|Posted:||May 1, 2014 02:27 PM|
|From:||Representative Eli Evankovich|
|To:||All House members|
|Subject:||Legislation to Permit Municipal P3 Agreements for Water & Sewage|
|In the near future, I plan to introduce legislation to amend Title 62 (Procurement) to create definitive guidelines for the use of Public-Private Partnerships (P3) agreements by local governments to build and/or operate water and sewer treatment facilities.
A P3 agreement involves a contract between a public sector authority and a private party, in which the private party provides a public service or project and assumes substantial financial, technical, and operational risk in the project. In some types of P3s, the cost of using the service is borne exclusively by the users of the service and not by the taxpayer. In other types (notably the private finance initiative), capital investment is made by the private sector on the basis of a contract with government to provide agreed services and the cost of providing the service is borne wholly or in part by the government.
There are usually two fundamental drivers for P3s. Firstly, P3s enable the public sector to harness the expertise and efficiencies that the private sector can bring to the delivery of certain facilities and services traditionally procured and delivered by the public sector. Secondly, a P3 is structured so that the public sector body seeking to make a capital investment does not incur any borrowing; rather, the P3 borrowing is incurred by the private sector vehicle implementing the project.
As many of you are aware, last session we passed House Bill 3 (Act 88 of 2012) which established guidelines for the use of P3s in transportation projects. Thus, the concept of using P3s to accomplish projects that benefit the general public is not new. In fact, Act 88 has already spawned many proposed P3 transportation projects that will benefit taxpayers. My bill offers the same opportunity to local governments and school districts to take advantage of the P3 concept to build new sewer facilities, water treatment facilities, school buildings, etc.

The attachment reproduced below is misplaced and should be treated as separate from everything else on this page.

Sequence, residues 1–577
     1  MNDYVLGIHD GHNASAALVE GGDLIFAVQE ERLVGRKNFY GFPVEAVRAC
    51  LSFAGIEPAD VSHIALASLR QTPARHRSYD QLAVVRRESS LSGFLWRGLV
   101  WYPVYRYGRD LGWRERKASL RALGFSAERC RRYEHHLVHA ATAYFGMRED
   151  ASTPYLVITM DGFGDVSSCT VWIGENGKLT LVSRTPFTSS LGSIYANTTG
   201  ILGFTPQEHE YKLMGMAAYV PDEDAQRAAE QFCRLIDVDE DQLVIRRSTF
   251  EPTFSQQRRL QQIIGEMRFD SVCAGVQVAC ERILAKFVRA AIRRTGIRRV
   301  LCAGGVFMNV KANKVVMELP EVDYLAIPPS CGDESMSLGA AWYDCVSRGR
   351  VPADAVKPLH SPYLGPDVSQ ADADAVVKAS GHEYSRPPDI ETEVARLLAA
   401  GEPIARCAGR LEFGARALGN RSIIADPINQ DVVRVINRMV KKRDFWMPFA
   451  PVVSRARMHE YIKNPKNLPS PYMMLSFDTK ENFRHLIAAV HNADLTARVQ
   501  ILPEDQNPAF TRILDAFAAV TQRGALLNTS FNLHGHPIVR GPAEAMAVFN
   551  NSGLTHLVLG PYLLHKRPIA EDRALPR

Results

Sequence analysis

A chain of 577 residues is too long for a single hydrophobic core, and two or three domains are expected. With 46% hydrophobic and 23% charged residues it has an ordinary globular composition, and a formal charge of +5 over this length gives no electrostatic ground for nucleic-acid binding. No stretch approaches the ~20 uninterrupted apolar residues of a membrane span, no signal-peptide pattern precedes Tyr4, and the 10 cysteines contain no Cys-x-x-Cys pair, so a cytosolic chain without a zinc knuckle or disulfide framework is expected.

The language in this legislation has already been vetted with many interest groups (PA Chamber of Business and Industry, Local Government Groups, e.g.). Pennsylvania would be joining many other states that have already establish comprehensive P3s, including Maryland and Florida. It is important to note that my legislation specifically excludes P3 projects from the requirements of the PA Separations Act, and other associated local government statutes; it is believed by P3 proponents that the use of a single prime bidding process will lead to greater construction efficiencies.
I believe that this proposal will help make Pennsylvania more competitive in the national marketplace. Please join me in this important initiative to move our state forward.
Introduced as HB2239